A rebound in risk-sensitive banks and commodity stocks hoisted the top share index sharply higher on Friday as investors jostled for position ahead of crucial monthly U.S. jobs data and a key summit next week to confront the euro zone debt crisis.

The FTSE 100 <.FTSE> was up 91.65 points, or 1.7 percent, at 5,580.99 by 12:29 p.m., bouncing back after Thursday's 0.3 percent slip in the wake of Wednesday's 3.2 percent jump.

We are higher on a little bit of optimism ahead of non-farm payrolls and obviously the European situation appears to have stabilised for the time being, Michael Hewson, analyst at CMC Markets, said.

(Policymakers) are sort of getting their act together, so to speak. But my concern is, will we be able to have any more clarity than we have already got (after the EU summit).

U.S. non-farm payrolls, due at 1:30 p.m., were forecast to rise 122,000 in November, after an 80,000 rise October, with the unemployment rate seen unchanged at 9.0 percent.

Meanwhile, France's president, Nicolas Sarkozy, called for a new treaty incorporating tougher budget discipline, a European Monetary Fund to support countries in difficulty, and decisions in the euro area taken by majority vote instead of unanimity.

Sarkozy said he and German Chancellor Angela Merkel would meet on Monday to outline joint proposals to put to a December 9 EU summit, seen as make-or-break for the 12-year-old single currency.

U.S. stock index futures rose more than 1 percent, with investors hopeful about the jobs number following recent strong data out of the United States.

Data on Thursday showed U.S. manufacturing activity at its highest level in five months, and recent data on consumer spending and private-sector job creation have also boosted optimism.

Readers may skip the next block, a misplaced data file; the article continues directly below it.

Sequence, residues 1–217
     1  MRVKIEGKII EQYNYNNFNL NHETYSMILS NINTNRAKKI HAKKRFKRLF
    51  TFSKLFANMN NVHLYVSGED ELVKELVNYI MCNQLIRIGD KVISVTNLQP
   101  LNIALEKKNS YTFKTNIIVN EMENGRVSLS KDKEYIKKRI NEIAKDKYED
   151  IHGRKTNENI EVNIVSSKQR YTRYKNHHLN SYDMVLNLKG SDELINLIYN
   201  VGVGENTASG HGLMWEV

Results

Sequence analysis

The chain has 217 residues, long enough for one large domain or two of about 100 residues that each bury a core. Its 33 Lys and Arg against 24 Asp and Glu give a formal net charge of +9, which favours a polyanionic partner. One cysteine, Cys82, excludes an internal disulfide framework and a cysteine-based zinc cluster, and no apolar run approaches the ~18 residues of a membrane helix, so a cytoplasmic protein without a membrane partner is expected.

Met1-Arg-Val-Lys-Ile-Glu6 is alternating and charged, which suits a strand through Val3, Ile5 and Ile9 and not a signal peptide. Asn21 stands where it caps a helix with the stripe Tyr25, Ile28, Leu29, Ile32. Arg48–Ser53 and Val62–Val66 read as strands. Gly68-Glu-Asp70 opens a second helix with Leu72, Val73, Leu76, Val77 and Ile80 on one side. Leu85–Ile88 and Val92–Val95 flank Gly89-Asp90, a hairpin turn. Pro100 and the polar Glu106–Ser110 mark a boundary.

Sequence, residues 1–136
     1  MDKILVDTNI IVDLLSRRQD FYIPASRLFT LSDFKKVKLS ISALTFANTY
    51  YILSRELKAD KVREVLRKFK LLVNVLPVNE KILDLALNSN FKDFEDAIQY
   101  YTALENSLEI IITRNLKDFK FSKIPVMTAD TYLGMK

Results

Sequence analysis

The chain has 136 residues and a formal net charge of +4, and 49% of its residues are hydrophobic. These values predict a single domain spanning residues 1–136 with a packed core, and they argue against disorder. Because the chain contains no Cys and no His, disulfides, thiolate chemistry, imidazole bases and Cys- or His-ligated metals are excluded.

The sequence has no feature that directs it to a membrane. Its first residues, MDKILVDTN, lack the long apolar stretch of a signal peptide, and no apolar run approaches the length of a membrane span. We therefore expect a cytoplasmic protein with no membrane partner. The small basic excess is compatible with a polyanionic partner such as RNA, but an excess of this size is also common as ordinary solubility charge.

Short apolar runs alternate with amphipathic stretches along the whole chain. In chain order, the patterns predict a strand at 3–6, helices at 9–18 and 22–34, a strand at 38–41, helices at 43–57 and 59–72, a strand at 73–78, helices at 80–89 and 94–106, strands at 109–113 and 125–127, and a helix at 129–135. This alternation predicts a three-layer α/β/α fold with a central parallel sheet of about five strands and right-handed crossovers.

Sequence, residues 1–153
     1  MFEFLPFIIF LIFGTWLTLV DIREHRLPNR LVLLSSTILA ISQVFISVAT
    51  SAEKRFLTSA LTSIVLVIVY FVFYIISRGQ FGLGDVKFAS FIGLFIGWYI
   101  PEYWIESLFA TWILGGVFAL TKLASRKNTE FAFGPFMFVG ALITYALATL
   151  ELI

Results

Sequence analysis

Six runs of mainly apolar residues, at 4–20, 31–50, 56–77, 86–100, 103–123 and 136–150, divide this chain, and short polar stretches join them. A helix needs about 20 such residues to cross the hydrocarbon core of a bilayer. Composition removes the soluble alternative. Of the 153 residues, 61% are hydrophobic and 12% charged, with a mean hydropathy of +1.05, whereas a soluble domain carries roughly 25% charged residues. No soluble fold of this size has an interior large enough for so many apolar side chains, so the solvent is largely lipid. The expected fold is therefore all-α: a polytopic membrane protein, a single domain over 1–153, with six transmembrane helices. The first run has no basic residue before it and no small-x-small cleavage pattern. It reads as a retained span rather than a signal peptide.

The FTSE 100 <.FTSE> was on course for its biggest weekly percentage gain since early 2009, with confidence boosted by Wednesday's co-ordinated move by central banks to inject liquidity to ease banks' funding constraints.

Banks were among the best performing sectors, led by a 7.3-percent advance from Barclays , while Lloyds Banking Group firmed 5.8 percent.

ICAP was another good gainer, up 6.6 percent, rallying after falls in the previous session as BoA Merrill Lynch added the interdealer broker to its Europe 1 focus list, citing the stock's compelling valuation.

Miners also bounded higher, with BHP Billiton , up 4.6 percent, among the best off, as copper prices firmed on hopes U.S. jobs data could beat expectations.

Integrated oils got a boost too as crude prices rallied 0.8 percent, with BP up 1.7 percent.

BP has agreed to sell its Canadian natural gas liquids business to Plains All American Pipeline
for $1.67 billion as part of an effort to raise $45 billion to pay for its Gulf of Mexico oil spill in 2010.

Some market participants sounded a note of caution against picking up stocks.

I think we are in the middle of a big short squeeze. The fundamentals are actually deteriorating quite quickly everywhere outside the United States, said Lex van Dam, hedge fund manager at Hampstead Capital, which manages $500 million of assets.

I would be very careful letting higher stock prices suck you into the market.

Car insurer Admiral dropped 3.5 percent, the biggest blue-chip faller as Investec Securities cut its price target for the stock following recent profit warnings.

Rolls-Royce shed 0.8 percent as UBS downgraded its rating to sell from neutral and trimmed its target price to 600 pence from 610 pence while raising its EPS estimates by 19 percent, saying the stock was still expensive.

(Additional reporting by Jon Hopkins; Editing by Dan Lalor)